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The stresses that are rearranging the world’s maps, uprooting populations, destroying nation-states and destabilizing the planet have less to do with extreme “-isms,” geopolitics, hegemony or nuclear armaments than they do with water. Overuse, misuse and pollution of water, combined with spreading drought, a consequence of climate change, are imposing on larger and larger regions of the world an inexorable sequence of deprivation leading to desperation, then disintegration. About halfway through the progression, as desperation begins to bring on disintegration, the violence begins, and from then on the Four Horsemen of the Apocalypse ride hard.
The increasing scarcity of water is the unacknowledged cause of the so-called Arab Spring collapses of the governments of Tunisia, Libya and Egypt. It was the spark that lit the fuse of the rebellions in Syria (when protesters in Daraa protested corrupt allocations of scarce water) and Yemen (when citizens of Taiz, the thirstiest city in the country, erupted in 2011).
It is only when we recognize this causality (keeping in mind that high costs, and scarcity, of food are almost always a consequence of scarce water) that we can appreciate how much trouble we are in. What happened to these failed and failing states is under way in:
- Southeastern Brazil, racked by the worst drought in a century, is the site of the largest, most drought-afflicted city in the world so far — Sao Paulo. Its 20 million people, without tap water for days at a time, face imminent, total exhaustion of their water reservoir, and are desperately digging wells on city lots and in basements. A trickle of climate refugees have already abandoned the city, and the trickle is expected to become a (metaphorical) flood.
- Venezuela, which is demonstrating that water scarcity does not only affect food and drink. The country is dependent on hydroelectric power, which cannot be maintained when insufficient water is flowing through the turbines. Also suffering from the collapse of oil prices, on which the country depends, it is now, in its hottest year ever, suffering from blackouts, brownouts and power rationing as well.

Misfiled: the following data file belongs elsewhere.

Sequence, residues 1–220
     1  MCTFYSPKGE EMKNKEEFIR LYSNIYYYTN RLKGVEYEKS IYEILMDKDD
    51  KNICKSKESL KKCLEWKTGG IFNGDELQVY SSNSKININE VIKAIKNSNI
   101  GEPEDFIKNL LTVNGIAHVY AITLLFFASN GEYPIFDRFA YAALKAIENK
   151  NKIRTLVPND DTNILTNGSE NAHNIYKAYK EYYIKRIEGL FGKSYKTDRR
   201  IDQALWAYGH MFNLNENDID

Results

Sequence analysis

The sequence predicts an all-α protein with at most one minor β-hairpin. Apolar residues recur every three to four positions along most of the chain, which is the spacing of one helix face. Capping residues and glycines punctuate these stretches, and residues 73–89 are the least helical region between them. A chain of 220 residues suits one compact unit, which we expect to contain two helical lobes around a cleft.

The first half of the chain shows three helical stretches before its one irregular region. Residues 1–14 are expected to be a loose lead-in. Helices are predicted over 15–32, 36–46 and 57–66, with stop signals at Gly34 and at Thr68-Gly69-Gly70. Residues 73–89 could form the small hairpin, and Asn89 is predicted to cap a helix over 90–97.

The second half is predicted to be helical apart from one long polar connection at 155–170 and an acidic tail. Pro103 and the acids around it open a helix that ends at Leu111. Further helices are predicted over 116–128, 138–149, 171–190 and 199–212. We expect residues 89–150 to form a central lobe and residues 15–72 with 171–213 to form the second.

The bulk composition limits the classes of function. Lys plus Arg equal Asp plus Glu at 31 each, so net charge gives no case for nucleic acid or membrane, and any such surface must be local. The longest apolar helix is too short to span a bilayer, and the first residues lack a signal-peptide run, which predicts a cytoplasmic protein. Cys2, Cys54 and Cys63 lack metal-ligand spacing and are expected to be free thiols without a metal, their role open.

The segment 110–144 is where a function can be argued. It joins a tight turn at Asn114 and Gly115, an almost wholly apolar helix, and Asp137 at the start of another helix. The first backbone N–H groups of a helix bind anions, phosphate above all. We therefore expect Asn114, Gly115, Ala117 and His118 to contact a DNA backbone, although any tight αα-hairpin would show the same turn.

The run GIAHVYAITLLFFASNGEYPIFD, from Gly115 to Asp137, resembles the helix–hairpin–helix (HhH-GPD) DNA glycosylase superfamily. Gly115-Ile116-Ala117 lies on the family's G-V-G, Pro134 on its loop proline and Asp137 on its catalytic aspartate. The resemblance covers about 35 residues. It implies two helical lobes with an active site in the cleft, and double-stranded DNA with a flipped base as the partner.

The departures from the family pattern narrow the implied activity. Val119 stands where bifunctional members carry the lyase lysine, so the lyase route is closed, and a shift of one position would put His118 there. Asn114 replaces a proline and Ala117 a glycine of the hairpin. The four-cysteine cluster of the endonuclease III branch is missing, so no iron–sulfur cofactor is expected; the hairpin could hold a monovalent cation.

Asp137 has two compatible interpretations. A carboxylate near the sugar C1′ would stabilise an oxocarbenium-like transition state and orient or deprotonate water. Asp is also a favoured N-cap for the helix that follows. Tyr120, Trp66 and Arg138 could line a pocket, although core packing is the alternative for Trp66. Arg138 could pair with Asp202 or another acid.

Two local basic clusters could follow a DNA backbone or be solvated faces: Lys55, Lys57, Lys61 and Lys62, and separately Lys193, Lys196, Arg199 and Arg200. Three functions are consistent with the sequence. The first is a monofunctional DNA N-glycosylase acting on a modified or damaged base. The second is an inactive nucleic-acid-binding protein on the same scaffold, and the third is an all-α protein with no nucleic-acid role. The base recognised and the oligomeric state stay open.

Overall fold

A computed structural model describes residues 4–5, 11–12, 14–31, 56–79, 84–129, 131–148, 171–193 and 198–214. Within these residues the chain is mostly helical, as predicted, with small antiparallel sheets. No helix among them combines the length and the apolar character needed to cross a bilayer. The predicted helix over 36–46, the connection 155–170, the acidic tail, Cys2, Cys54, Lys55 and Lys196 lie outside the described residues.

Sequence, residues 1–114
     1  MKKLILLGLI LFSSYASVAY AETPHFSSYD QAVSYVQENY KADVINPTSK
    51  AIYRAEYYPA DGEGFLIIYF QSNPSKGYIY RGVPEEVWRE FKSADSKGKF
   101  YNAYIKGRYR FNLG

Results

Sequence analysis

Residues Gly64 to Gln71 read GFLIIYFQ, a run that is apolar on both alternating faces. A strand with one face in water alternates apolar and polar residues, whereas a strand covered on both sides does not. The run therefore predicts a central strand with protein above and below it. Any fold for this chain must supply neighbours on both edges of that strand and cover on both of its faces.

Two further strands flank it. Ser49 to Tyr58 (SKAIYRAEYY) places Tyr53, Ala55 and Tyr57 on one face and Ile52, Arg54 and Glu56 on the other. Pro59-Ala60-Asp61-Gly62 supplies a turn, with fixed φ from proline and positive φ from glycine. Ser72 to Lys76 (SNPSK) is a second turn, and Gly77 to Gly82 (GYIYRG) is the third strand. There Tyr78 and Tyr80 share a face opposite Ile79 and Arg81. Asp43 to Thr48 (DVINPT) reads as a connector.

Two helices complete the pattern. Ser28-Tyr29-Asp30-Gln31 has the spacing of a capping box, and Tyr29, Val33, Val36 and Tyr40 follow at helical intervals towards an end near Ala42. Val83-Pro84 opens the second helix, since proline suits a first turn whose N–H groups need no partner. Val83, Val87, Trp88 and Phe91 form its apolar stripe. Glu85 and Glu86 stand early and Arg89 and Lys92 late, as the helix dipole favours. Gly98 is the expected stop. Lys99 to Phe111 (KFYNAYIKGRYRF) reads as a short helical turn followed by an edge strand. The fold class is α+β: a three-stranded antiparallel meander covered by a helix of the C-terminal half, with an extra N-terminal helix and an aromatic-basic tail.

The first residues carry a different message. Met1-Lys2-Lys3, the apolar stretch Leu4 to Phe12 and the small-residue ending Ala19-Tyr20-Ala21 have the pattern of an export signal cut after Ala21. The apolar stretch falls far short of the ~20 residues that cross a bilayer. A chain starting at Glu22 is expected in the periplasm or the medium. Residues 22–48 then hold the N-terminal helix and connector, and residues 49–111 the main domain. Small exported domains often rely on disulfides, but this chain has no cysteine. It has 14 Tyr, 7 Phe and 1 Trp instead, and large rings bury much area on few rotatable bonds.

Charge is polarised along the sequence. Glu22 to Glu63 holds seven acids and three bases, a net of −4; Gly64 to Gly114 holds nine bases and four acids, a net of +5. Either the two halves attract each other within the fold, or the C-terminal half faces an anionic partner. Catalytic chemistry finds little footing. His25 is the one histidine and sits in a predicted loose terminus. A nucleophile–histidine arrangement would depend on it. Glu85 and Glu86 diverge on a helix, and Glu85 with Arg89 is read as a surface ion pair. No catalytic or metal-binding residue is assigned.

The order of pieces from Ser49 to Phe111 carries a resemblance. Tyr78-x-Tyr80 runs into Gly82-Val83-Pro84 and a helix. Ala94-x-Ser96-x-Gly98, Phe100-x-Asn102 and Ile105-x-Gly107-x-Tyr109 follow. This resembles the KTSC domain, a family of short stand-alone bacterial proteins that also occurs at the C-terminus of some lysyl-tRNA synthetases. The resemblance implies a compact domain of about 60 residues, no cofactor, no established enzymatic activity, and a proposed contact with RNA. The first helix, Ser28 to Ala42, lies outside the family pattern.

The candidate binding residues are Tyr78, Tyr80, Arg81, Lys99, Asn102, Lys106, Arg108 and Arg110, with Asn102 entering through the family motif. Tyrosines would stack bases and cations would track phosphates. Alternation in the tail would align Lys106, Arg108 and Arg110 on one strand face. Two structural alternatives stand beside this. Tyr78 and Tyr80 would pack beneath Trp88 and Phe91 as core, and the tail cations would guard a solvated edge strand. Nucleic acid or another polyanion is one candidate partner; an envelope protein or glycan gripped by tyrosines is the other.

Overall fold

- Iran, whose former agriculture minister said recently that the country has only enough water to support 30 million people, and predicted that unless conditions change about 50 million people will become refugees. “Which countries,” he asked, “are ready to accommodate (them)?
- India and Pakistan, both nuclear powers, have been at or near war for decades over Kashmir, aka the headwaters of the Indus River, whose water is Pakistan’s life blood and whose flow is shrinking (as the region’s glaciers shrink) while Pakistan’s population is swelling.
- Israel, having diverted the Jordan River and occupied the Golan Heights where it rises, has taken for itself 85% of its water, seven times more per capita than it has left the Palestinians, and to say there are hard feelings over this is a colossal understatement. To say that there is any hope for a peace process that does not deal with the water situation is a colossally stupid statement.
The list of countries approaching mortal crisis because of water scarcity goes on, and on. It has to include California, Arizona and Nevada, states whose mummification by dry desert air is proceeding apace.
In the shadow of this real and present danger to the world, politicians and talking heads continue to prattle about religion, ideology, ethnicity, world domination — indeed, any distraction imaginable — apparently to avoid having to confront reality. Despite their best efforts at obfuscation, however, it is clear that reality is about to confront us.